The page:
SANDY SPRINGS, GA - Maybe this is one of those things where after I put it out there, I will find out that no one else is like me in this particular case, but once I hit college, I stopped going to the dentist.
I didn't have the time or money to invest in the upkeep of my mouth. Actually, once I got out of school, I think I went about 3 more years (around the time I got married) until I started going again. At first I was very reluctant to go, but luckily, my wife, her mom and my mom all convinced me that I had to take care of my teeth now because it was going to be really important down the road.
So I took the initiative and found my own dentist. He called himself "Dr. Bill" on his direct mail piece. His slogan was "Keep Your Choppers Clean" with two motorcycles that obviously came from a program on his home computer that he used in place of quotation marks.
Until my last visit, everything was great. I only had to see him twice a year. He had two really hot technicians on his staff. I always got a free toothbrush and his office was in a strip mall next to a hobby shop. I actually looked forward to getting out of work for and going to see him until I screwed everything up.
Here's what happened: Dr. Bill has really small hands. Over the years, I only noticed this on a level reserved for vanity and self-preservation. I actually thought it was kind of cute in a cartoon kind of way. It was like getting your teeth cleaned by a squirrel or a raccoon.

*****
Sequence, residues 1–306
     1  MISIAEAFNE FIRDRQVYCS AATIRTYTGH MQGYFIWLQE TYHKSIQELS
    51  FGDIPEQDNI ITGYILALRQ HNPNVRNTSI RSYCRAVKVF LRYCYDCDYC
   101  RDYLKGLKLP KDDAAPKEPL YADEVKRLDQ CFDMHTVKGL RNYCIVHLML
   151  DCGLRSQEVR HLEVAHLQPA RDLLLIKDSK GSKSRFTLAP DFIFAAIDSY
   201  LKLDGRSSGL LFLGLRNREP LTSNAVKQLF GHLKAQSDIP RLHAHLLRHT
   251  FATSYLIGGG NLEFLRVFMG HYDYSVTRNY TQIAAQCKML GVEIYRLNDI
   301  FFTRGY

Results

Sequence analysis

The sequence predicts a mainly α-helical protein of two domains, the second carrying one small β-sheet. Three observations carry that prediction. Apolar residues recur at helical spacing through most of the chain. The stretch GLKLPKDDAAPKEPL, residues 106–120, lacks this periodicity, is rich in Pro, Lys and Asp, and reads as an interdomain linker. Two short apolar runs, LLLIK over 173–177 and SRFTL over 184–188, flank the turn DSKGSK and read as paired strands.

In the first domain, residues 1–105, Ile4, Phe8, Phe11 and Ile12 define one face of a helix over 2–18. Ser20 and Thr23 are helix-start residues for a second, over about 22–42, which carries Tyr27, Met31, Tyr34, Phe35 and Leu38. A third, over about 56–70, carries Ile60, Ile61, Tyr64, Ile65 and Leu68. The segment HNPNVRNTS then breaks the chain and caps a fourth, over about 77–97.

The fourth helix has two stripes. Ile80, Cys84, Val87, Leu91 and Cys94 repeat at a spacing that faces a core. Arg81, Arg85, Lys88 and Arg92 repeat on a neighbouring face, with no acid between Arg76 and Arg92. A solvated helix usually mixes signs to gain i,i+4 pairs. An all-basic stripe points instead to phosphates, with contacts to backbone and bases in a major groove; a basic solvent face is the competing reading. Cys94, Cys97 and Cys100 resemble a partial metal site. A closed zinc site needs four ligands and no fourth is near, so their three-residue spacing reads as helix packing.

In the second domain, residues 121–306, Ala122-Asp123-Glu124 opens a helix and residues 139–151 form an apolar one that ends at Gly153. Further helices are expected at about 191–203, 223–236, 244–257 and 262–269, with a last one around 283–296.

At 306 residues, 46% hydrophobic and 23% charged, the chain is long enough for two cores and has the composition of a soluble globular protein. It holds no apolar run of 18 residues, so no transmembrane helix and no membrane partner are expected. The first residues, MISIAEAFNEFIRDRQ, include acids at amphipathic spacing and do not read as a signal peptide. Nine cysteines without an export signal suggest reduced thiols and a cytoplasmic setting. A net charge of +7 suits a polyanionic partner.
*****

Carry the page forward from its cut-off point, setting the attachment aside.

On my most recent visit though, Dr. Bill had to fill a cavity. He was very professional. You could tell the environment was very sterile, yet relaxing. He actually had it set up so you could bring your own CD's to listen to during the procedure. I chose George Winston's "Winter into Spring." His assistant Sheila, who does for white stockings what milk does for cereal, provided me with an especially thorough and inadvertently sexual cleaning.
When Dr. Bill finally came in to the room and had Sheila administer the nitrous oxide, I was ready to sign some kind of lifetime commitment. It was there and then that I remember yelling out very happily, "why don't you get your tiny hands out of my mouth?"
Obviously, I can't go back.
Mike Schatz is a writer, comedian, and cast member of Atlanta's Laughing Matters Improvisation